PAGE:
Large crowd in blue shirts expected
BY ROBERT KNIGHT
ROCKLAND COUNTY TIMES
A standing-room-only crowd is expected to attend tonight’s (Thursday, Jan. 8) meeting of the Clarkstown Board of Education, where the future of the shuttered Congers Elementary School will be up for debate.
Civic organizations in Congers have been leafleting and telephoning local residents for the past two weeks to insure a large turnout at the meeting, which is slated for 7 p.m. at the district administrative headquarters in the old Chestnut Grove Elementary School on Old Middletown Road in New City, a block east of Middletown Road and just north of the Palisades Parkway.
They have also been lobbying the school board to move the meeting to another location, which has more parking and a larger meeting room, to accommodate the anticipated crowd, but have reportedly met with no success from school officials.
The Congers Elementary School is the oldest and one of the smallest schools in the sprawling Clarkstown district. It was built in 1923 as Congers High School and converted to an elementary school in the 1960’s, when the “new” Clarkstown High School North was built and opened in New City.
The school board closed the Congers School in 2013 because of a large crack discovered in a wall of the combined auditorium-gymnasium. Students were kept together by bussing them for the 2013-14 school year to the closed St. Augustine’s Catholic School in New City.
Rather than continuing to pay rent ($216,000 annually, plus utilities) to the Catholic school for the space, however, the school board decided for the current school year to split the students and send them to a variety of existing Clarkstown elementary schools throughout the district.
Angered Congers residents have lobbied the school board since the building was closed to repair and re-open the facility, calling it the heart and soul of the Congers hamlet.
Last year the residents successfully lobbied for a public referendum to raise the funds necessary to make the repairs, passing a $6.5 million bond issue by an overwhelming majority. Residents in New City, Germonds, Bardonia, West Nyack and other parts of the district voted against the referendum, but lost decisively by the overwhelming numbers of votes cast in Congers.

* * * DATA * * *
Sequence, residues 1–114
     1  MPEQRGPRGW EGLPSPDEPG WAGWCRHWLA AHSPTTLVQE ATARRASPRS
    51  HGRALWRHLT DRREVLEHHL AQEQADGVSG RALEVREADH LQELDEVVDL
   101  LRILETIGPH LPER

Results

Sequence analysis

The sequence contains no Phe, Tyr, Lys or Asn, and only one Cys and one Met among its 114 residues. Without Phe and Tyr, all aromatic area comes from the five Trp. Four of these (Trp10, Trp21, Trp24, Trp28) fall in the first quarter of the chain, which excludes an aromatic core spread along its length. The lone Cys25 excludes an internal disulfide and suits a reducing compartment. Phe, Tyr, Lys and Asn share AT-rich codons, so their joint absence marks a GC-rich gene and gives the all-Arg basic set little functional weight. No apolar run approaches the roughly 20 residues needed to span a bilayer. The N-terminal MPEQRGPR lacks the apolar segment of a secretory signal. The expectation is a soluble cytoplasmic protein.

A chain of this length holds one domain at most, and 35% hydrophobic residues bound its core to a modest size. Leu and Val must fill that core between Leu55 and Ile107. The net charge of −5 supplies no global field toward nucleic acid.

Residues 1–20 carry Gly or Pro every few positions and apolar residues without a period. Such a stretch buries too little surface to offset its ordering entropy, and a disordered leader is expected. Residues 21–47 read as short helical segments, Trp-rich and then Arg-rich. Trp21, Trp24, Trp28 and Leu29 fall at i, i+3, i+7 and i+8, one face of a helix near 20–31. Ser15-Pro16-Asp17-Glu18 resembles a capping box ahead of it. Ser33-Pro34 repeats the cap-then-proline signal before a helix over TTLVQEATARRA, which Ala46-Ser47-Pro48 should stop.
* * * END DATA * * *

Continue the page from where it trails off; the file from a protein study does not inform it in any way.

Instead of making the needed repairs to Congers, however, the school board has taken no action in more than a year, leading hamlet residents to believe the board’s ultimate goal is to permanently shutter Congers and either rent, sell or demolish their beloved school, or convert it into a new central administration office.
Calling tonight’s board meeting “Critical,” residents have been lobbying for a huge turnout tonight to convince the board to proceed with the original plan to repair the building, and re-open it as quickly as possible.
School officials, on the other hand, have demurred on the school’s future, citing statistics that show a declining enrollment throughout the district, and thus little need for re-opening their smallest and oldest building.
“We spoke loud and clear,” a Congers area flyer asserts, “but it seems that the school board isn’t listening! They want to hear from us on Jan. 8 at a special community input meeting.
“Our work is not done just yet,” the flyer continues. “The fate of the building is still hanging in the balance. Please attend and show your support for Congers School (and) very importantly, please wear a blue shirt or jacket (Congers blue) as a sign of solidarity and support.”
The flyer and the campaign are being spearheaded by Clarkstown Residents for Education; a non-profit community organization that says its mission is “to preserve Clarkstown’s educational system and buildings for the children and residents of Clarkstown, both now and in the future.”
Fearing the school board might charge the location of tonight’s meeting at the last minute and without warning, to thwart the anticipated turnout, the group urges residents to check the district’s website at www.ccsd.edu for the latest information on the session’s location and time.